A review of the literature revealed multiple systematic reviews and meta-analyses, each looking at specific case uses. However, most of these studies concluded there was class equivalency when treating post–myocardial infarction31 and congestive heart failure.32 Important adverse events and discontinuation rates are similar for all ACEIs.33 Generally, ACEIs are prescribed as a single daily oral dose; however, captopril requires 3 doses per day owing to a shorter half-life. A PubMed Clinical Q&A on ACEIs found no data to support intraclass differences.34 The most recent Canadian clinical practice guidelines, the Canadian Hypertension Education Program 2014 hypertension guideline, the Canadian Cardiovascular Society guidelines for stable ischemic heart disease (2014) and heart failure (2012), and the Canadian Society of Nephrology 2008 guideline for chronic kidney disease, make no distinction among ACEIs for any use, simply referring to the class as a unit.35–38 Therefore, the available evidence supports class equivalency for ACEIs in terms of efficacy, toxicity, and convenience, excluding captopril owing to its lower convenience.
Selective serotonin reuptake inhibitors
A review of the literature revealed a small number of systematic class reviews as well as multiple meta-analyses comparing escitalopram to other SSRIs. The available research supports a small benefit in surrogate markers for escitalopram, including depression scale score differences of minimal clinical relevance.39 However, there was no identifiable research to support a difference in mortality, hospitalizations, job loss, or attempted or completed suicide rates. Differences in potential adverse effects are only a few percentage points apart as well, leading to little real-world significance and few reasons to choose it first. A systematic review and meta-analysis on SSRIs found similar efficacy in the treatment of major depressive disorder but was not able to draw conclusions for other mood or anxiety disorders owing to a lack of available research.40 Canadian clinical practice guidelines for depression and anxiety disorders were identified. The depression guideline considered all SSRIs as first-line therapy.41 The anxiety guideline recommended different SSRIs based on specific anxiety disorder. However, by far most of the stated differences between first-, second-, and third-line therapies were based on drugs that were specifically studied for the indication and not based on proven superiority.42 Individual SSRIs do come with differences in receptor specificity and pharmacokinetic profiles, which might affect individual rates of tolerability. However, population averages of tolerability show few clinically relevant differences. Generally SSRIs are prescribed as a single daily oral dose, thus negating any differences in convenience. Therefore, while the pharmacokinetic properties of SSRIs might lead to different adverse event profiles, the available evidence supports class equivalency of SSRIs in terms of efficacy, toxicity, and convenience.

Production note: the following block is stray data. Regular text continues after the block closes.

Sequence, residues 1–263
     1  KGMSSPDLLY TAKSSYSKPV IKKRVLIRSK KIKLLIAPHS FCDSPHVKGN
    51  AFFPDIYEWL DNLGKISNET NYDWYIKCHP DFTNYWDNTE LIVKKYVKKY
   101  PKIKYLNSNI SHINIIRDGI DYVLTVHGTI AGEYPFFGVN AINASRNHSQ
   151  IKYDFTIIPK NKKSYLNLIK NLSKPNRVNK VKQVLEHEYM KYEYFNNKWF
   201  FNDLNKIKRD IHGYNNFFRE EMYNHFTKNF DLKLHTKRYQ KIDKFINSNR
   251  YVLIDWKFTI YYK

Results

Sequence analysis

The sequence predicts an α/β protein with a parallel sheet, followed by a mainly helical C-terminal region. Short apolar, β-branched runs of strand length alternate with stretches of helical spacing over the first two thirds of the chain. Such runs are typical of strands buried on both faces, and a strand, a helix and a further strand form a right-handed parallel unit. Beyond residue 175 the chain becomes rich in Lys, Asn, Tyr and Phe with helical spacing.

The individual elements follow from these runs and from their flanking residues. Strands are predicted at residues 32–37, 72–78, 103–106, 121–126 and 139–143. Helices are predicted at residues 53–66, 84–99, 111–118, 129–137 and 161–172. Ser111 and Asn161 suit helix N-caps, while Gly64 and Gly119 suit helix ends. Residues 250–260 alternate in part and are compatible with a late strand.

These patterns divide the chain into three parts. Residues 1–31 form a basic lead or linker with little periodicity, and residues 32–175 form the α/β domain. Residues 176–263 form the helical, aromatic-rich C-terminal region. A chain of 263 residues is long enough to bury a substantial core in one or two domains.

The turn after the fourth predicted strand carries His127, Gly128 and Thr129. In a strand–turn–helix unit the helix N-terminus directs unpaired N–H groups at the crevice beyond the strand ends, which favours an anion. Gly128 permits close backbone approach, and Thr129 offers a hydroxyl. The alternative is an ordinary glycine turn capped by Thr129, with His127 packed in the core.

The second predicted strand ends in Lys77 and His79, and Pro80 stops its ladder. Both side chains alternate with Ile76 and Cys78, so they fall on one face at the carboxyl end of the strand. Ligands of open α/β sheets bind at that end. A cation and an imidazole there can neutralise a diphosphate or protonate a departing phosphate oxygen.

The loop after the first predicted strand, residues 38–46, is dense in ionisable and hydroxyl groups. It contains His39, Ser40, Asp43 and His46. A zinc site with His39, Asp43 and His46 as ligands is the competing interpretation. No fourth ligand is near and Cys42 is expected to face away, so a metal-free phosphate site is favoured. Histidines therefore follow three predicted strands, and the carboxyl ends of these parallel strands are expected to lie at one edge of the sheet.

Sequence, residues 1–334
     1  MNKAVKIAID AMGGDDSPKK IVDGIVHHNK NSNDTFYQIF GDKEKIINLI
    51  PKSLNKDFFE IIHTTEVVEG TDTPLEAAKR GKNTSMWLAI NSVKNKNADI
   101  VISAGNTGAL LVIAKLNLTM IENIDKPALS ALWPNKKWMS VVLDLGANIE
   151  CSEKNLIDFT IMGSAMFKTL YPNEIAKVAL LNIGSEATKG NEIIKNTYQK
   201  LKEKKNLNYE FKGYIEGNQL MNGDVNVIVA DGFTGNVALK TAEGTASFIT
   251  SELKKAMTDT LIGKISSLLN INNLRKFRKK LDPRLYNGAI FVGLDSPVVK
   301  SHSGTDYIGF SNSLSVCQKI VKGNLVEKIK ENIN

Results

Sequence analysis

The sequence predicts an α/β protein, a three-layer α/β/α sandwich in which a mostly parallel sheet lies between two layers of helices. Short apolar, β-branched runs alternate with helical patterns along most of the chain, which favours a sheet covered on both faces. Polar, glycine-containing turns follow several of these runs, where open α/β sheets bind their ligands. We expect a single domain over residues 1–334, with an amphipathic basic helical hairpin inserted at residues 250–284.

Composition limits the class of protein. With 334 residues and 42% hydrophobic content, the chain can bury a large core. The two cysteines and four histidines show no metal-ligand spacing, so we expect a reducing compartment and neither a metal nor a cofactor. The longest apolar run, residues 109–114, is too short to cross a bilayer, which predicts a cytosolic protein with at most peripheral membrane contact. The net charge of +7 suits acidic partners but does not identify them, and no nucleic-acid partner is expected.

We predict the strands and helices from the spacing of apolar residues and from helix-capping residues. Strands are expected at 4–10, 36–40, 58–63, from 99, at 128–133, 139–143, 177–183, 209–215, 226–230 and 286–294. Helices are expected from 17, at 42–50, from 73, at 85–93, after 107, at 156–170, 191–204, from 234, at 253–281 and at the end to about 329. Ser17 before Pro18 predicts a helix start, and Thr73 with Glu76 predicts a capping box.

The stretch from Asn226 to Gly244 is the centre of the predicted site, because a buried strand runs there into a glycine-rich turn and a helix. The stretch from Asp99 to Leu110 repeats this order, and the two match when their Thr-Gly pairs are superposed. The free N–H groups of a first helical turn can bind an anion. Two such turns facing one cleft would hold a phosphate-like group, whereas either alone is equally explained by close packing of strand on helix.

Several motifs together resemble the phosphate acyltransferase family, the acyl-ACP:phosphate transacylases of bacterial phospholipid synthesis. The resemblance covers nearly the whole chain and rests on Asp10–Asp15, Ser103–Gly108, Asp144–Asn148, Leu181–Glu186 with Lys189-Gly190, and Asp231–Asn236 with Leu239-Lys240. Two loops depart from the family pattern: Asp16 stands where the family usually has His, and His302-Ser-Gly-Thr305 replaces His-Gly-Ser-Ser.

Prescription and spending data
For each medication in the 4 classes included in this study, public drug program prescription volumes and spending figures were obtained through NPDUIS. Tables 2, 3, 4, and 5 summarize the total prescriptions and spending figures from 2013 for statins, PPIs, ACEIs, and SSRIs, respectively.